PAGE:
One of the world’s choice beverages for hot summer afternoons and evenings, beer and its brewing have been part of human culture for more than 10,000 years. Any number of strange plants and herbs have been fermented and imbibed, sometimes with startling effects. Honey is perhaps the oldest fermenting ingredient, but many brews included less appetizing elements. Henbane, a powerful narcotic poison of the deadly nightshade family, was sometimes added to beers of the Middle Ages, and the Egyptians brewed beer with mandrake root. Other potentially poisonous herbs used in European ales included pennyroyal and tansy.
Before Germany’s 1516 Bavarian Purity Law (which restricted brewing ingredients to hops, barley and water), poisonous or psychotropic herbs were often included in ale recipes, but they weren’t the only ones. Sage ale, one of the most popular brews of the Middle Ages, was considered almost as a medicinal tonic, with the side effect of being highly inebriating. Yarrow ale was a popular choice for weddings because of its tendency to increase energy, act as an aphrodisiac and generally “make the guests crazy.” Other traditional European ales were often made with heather (called leann fraoich in Gaelic), meadowsweet, juniper, elder flowers and sweet woodruff.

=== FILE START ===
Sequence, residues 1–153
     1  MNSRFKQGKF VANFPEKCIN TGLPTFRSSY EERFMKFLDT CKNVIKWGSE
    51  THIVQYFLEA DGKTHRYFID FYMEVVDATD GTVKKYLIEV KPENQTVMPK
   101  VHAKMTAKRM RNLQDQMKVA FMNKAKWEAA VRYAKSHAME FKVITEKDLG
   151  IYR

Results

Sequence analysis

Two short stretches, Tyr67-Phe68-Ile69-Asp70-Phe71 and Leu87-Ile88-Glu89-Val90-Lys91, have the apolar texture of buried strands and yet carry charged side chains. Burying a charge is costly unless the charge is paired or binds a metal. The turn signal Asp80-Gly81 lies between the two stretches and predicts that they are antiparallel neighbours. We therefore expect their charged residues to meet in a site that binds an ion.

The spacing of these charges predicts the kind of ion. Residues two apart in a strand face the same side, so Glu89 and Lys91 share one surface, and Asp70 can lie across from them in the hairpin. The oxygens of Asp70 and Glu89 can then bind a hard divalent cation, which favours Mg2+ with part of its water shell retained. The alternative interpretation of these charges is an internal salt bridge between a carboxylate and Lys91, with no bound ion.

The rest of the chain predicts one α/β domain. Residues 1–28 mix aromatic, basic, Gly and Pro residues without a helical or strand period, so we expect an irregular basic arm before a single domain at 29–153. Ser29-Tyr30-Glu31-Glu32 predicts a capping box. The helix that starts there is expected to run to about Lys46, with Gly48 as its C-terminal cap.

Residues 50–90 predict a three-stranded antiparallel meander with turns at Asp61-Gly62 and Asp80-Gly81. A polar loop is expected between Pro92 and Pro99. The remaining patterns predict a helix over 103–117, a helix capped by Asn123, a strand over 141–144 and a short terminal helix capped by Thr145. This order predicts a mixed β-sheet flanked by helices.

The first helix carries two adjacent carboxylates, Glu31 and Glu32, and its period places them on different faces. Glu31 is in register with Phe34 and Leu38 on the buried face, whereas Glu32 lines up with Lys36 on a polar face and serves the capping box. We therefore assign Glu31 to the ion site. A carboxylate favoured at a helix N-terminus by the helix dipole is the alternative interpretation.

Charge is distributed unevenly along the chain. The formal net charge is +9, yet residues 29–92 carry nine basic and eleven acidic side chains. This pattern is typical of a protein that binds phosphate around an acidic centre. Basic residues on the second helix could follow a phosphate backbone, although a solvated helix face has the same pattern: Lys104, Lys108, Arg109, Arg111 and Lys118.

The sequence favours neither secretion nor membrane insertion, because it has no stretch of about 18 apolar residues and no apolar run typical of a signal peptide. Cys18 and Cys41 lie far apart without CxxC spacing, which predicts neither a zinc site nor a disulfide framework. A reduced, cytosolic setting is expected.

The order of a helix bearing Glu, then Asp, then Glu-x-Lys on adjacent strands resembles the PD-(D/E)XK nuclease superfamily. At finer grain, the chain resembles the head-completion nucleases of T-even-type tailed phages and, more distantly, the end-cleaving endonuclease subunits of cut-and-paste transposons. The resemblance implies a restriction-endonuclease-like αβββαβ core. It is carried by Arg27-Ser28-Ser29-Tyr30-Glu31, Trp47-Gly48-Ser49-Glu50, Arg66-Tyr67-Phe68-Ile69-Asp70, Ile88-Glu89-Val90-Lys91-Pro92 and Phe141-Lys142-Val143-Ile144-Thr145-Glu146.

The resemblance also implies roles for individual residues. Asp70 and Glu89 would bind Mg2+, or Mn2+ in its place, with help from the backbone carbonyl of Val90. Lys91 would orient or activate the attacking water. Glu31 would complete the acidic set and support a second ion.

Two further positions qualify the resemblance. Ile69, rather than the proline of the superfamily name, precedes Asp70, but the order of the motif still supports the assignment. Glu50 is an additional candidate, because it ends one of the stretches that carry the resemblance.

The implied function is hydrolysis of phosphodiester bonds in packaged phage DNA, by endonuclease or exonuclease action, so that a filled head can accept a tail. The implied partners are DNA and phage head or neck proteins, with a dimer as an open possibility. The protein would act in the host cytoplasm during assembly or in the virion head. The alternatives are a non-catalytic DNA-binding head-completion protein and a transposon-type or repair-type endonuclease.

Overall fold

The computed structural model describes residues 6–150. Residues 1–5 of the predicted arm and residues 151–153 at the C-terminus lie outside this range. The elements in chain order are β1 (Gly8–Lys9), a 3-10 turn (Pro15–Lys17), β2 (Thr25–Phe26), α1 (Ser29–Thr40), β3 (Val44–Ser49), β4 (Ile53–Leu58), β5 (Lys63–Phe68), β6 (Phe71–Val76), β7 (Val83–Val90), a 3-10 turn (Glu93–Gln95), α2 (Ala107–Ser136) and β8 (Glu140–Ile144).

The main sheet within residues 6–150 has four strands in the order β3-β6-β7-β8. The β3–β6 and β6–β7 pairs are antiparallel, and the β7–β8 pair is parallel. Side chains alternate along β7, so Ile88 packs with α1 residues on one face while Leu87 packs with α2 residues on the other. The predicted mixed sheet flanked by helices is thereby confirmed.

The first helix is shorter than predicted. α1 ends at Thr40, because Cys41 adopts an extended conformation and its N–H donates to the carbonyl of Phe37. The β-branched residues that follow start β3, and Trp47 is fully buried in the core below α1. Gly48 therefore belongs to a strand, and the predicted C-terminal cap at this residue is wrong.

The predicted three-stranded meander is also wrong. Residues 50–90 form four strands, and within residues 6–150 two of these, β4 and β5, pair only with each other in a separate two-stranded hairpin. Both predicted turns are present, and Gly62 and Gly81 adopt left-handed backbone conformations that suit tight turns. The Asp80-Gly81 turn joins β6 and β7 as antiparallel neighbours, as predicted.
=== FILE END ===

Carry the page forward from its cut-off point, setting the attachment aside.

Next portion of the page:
Today the most common brewing herb is hops, no question, and that fact is largely due to purity laws such as the one mentioned above. Not all of today’s brewers adhere to these guidelines, however, and it may be worthwhile to expand your beer-tasting palate. While a home brewery might be your best chance to try the most creative herbal beers, large brewing companies occasionally use herbs in more mainstream brews. Coriander is often used in Belgian-style white beers and multiple hop varieties flavor IPAs. Other beers contain lavender, cardamom, seaweed, heather, meadowsweet or elder. Check out some of the options in the caption above.
Did you know?
While most beers today are made with hops, traditional European ales counted clary sage, gentian, ginger, comfrey, horehound, milk thistle and rosemary among their ingredients.
Beer brewed with hops produces a soporific effect while other herbs, such as yarrow and juniper, increase energy and act as aphrodisiacs when fermented and imbibed. —Sacred and Herbal Healing Beers (Siris, 1998)
Lauren Holt is an editorial intern at The Herb Companion. Katie Priebe contributed research.
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